A raucous celebration of pink flamingos, plastic lawn furniture, trashy daytime television, processed food and cheap beer, “The Great American Trailer Park Musical” is the kind of show that announces its intentions in its lengthy, goofy title. Premiering Friday at Coeur d’Alene’s Lake City Playhouse (it last played regionally in 2008 at the Bing Crosby Theater), it’s a campy comedy that revels in stereotypes, bad taste and double-wide melodrama.
“There’s a little bit of everybody that can relate to something in this show,” said the show’s director, Andy Renfrew. “I’m sure just about every person that watches the show can walk away saying, ‘That is so true,’ even though you don’t want to admit it.”
Set in the Armadillo Acres Trailer Park in Florida, the show features seven proud, self-proclaimed rednecks engaged in various romantic entanglements. At the center of the story are high school sweethearts Norbert and Jeannie, who could have stepped right out of an episode of “Maury”: Their only son was kidnapped from the park some years ago, and Jeannie’s so emotionally damaged that she refuses to leave her trailer.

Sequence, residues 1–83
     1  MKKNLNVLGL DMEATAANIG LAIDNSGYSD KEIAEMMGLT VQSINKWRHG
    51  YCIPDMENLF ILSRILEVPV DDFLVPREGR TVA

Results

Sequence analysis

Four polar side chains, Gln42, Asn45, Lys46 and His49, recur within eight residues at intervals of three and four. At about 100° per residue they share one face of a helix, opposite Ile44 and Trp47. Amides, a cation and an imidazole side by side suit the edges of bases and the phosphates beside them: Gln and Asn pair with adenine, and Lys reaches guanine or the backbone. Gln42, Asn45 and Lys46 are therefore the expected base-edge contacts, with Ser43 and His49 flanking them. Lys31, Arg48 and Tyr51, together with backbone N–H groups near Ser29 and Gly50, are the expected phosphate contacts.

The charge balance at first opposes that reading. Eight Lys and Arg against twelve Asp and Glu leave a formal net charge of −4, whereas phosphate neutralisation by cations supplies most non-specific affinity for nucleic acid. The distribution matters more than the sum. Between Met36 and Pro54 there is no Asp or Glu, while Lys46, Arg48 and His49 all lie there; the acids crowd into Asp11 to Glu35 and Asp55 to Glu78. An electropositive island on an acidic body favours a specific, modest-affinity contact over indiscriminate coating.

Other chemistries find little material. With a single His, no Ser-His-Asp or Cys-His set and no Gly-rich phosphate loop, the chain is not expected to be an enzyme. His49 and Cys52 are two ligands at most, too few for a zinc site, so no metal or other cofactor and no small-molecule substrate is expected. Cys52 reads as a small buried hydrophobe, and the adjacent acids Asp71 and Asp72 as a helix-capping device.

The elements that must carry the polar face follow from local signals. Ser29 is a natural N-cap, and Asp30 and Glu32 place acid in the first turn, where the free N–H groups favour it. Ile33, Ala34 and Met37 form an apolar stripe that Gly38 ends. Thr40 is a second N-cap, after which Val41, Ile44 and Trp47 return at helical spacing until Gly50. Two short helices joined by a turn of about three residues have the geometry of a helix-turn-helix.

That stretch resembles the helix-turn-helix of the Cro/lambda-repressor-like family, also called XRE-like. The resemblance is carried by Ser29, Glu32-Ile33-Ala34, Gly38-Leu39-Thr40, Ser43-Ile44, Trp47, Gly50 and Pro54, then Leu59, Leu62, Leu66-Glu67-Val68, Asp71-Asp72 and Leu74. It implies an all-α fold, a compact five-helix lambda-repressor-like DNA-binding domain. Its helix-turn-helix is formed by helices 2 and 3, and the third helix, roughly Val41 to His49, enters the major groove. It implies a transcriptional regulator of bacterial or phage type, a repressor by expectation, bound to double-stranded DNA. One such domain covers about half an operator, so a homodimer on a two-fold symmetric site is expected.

On the run from her abusive, Sharpie-sniffing boyfriend is an exotic dancer named Pippi, who seeks solace at Armadillo Acres and in Norbert. Three tertiary characters – a trio of women named Pickles, Lin (short for Linoleum, because she was born on the kitchen floor) and Betty – comment on the love triangle as a sort of dime store Greek chorus.
“They each bring something to the show and to their character,” Renfrew said of his cast. “There are so many little things that they keep bringing to make their character bigger and bigger. It’s fun to see that blossom onstage.”
Written by David Nehls and Betsy Kelso, “The Great American Trailer Park Musical” is a good-natured cartoon, a kooky farce that slyly documents a particular American experience. “Just because it’s a trailer trash show doesn’t mean that only those people who have lived in a trailer can understand it,” Renfrew said.
Although the LCP website lists a parental guidance warning (there are a few F-bombs and a relatively tame scene set in a strip club), Renfrew said that it’s not an offensive or particularly off-color show.
“It’s a night of humor,” he said. “I’ve been watching the show since the day we started, and during the last few days of run-throughs with the full orchestra, I can’t stop laughing.”